Supermaxi Luxury Yacht & Superyacht News

Sailing yacht Wild Oats XI suffers boom damage in lead-up to Rolex Sydney Hobart Yacht Race

December 24, 2014

Rolex Sydney Hobart Yacht Race record holder, sailing yacht Wild Oats XI, is the centre of an intense repair effort on the eve of the big race, after suffering damage during her most recent training run.

Wild Oats XI Yacht - Photo Credit to Andrea Francolini

Wild Oats XI Yacht - Photo Credit to Andrea Francolini

The sleek supermaxi, owned by Bob Oatley AO and skippered by Mark Richards, broke her 13-metre long boom when sailing in rough seas off Sydney’s coastline. The attachment point for the gooseneck (universal joint) within the large carbon fibre tube delaminated under high load and caused the failure.

The gooseneck attaches the boom to the yacht’s 45 metre high mast.

Initially the problem was thought to be relatively minor, but technicians at Woolwich Dock, where Wild Oats XI is based, advised otherwise after inspecting the boom.  Since then they have been working around the clock making a repair which they are confident will cope with the rugged sailing conditions the 117-yacht fleet will face immediately after the start of the 628 nautical mile classic at 1pm on Boxing Day.

The time needed to complete an effective repair caused today’s scheduled final training run for the yacht and crew had to be cancelled. Instead, the 20-man crew will be sailing off Sydney for much of Christmas Day, just to ensure Wild Oats XI is 100 per cent race ready.

“We were very lucky to find this problem and not have it happen during the race,” Richards said. “Had that been the case then we would more than likely have been forced to retire and return home.

“It’s inevitable that we push the engineering and technology to the limit on this racing yacht, and that’s why things break from time to time.”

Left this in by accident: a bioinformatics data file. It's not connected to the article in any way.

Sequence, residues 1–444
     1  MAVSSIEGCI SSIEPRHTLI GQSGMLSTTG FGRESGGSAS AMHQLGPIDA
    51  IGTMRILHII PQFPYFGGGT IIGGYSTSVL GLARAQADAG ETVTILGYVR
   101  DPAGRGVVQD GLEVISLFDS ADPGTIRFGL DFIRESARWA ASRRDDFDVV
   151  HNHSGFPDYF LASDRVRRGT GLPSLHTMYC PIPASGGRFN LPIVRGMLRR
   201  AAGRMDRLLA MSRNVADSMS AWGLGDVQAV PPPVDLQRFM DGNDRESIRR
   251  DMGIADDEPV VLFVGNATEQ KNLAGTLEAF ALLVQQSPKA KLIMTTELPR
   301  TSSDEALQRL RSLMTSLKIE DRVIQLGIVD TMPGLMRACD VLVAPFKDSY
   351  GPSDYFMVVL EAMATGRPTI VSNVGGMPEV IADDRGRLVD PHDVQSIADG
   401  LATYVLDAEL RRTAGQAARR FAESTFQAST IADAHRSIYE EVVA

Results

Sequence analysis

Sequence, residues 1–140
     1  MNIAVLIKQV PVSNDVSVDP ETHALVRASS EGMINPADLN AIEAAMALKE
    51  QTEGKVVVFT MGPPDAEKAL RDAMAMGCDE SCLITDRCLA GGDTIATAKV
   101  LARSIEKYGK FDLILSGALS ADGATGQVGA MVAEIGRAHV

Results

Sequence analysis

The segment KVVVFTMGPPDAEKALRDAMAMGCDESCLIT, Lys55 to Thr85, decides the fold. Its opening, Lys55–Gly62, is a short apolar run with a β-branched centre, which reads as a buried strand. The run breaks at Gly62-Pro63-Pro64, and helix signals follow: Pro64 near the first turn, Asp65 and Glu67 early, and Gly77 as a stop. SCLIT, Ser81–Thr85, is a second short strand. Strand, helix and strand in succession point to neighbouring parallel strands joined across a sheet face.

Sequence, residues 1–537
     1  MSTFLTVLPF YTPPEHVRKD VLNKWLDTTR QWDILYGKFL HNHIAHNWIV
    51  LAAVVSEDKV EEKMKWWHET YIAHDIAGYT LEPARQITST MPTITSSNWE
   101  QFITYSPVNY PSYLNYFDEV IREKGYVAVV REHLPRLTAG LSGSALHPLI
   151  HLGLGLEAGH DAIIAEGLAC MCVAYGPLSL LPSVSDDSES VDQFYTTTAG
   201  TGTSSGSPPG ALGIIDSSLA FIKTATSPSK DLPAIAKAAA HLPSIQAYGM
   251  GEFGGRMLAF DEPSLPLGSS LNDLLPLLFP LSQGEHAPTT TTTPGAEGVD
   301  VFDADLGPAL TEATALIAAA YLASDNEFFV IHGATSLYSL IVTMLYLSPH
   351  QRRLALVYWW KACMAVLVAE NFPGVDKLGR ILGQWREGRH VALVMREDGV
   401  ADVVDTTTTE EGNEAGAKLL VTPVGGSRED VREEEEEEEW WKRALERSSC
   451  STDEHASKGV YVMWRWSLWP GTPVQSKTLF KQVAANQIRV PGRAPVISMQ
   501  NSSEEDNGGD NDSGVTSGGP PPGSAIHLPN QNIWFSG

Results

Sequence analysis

Richards added that he was confident Wild Oats XI was as close to being bulletproof as possible; however, the forecast for “nasty” seas and a strong southerly wind for the first 12-15 hours of the race would provide challenges for all yachts and crews.

“We are going to have to make sure we get our yacht through the first night safely,” Richards said. “It’s going to be very tricky at times.”

The southerly wind and rough seas are expected to abate and tend towards the east-southeast within 18 hours of the start. From that point it will become a tactically challenging contest as the winds are forecast to go very light – down to five knots at times – for the leaders in particular.

“Wild Oats XI needs a bit of everything when it comes to the weather for the race – she is an all-round performer and not a one trick pony. I think that if we can get to Bass Strait ahead of the four other supermaxis then we will have a good shot at being first home.”

Wild Oats XI is going for an historic eighth line honours in this year’s Hobart race. She is already the most successful yacht to have contested the race in its 70-year history. This year will be her tenth start in the classic. Since being launched for the 2005 Hobart race she has become the only yacht to secure the triple-crown – line and handicap honours and a race record time – on two occasions. She is also the only yacht to have achieved four consecutive line honours.

RORC Transatlantic Race is Born

December 23, 2014

The very first RORC Transatlantic Race, in partnership with the International Maxi Association (IMA), kicked off on Sunday 30 November from Puerto Calero, Lanzarote, Canary Islands bound for Camper & Nicholsons Port Louis Marina, a lovely Grenada yacht charter destination in West Indies, 3000 miles across the Atlantic Ocean. An international fleet of yachts participated, with crew from at least 12 different nations racing majestic Maxi yachts, crewed by top professional sailors, as well as production yachts crewed by friends and family.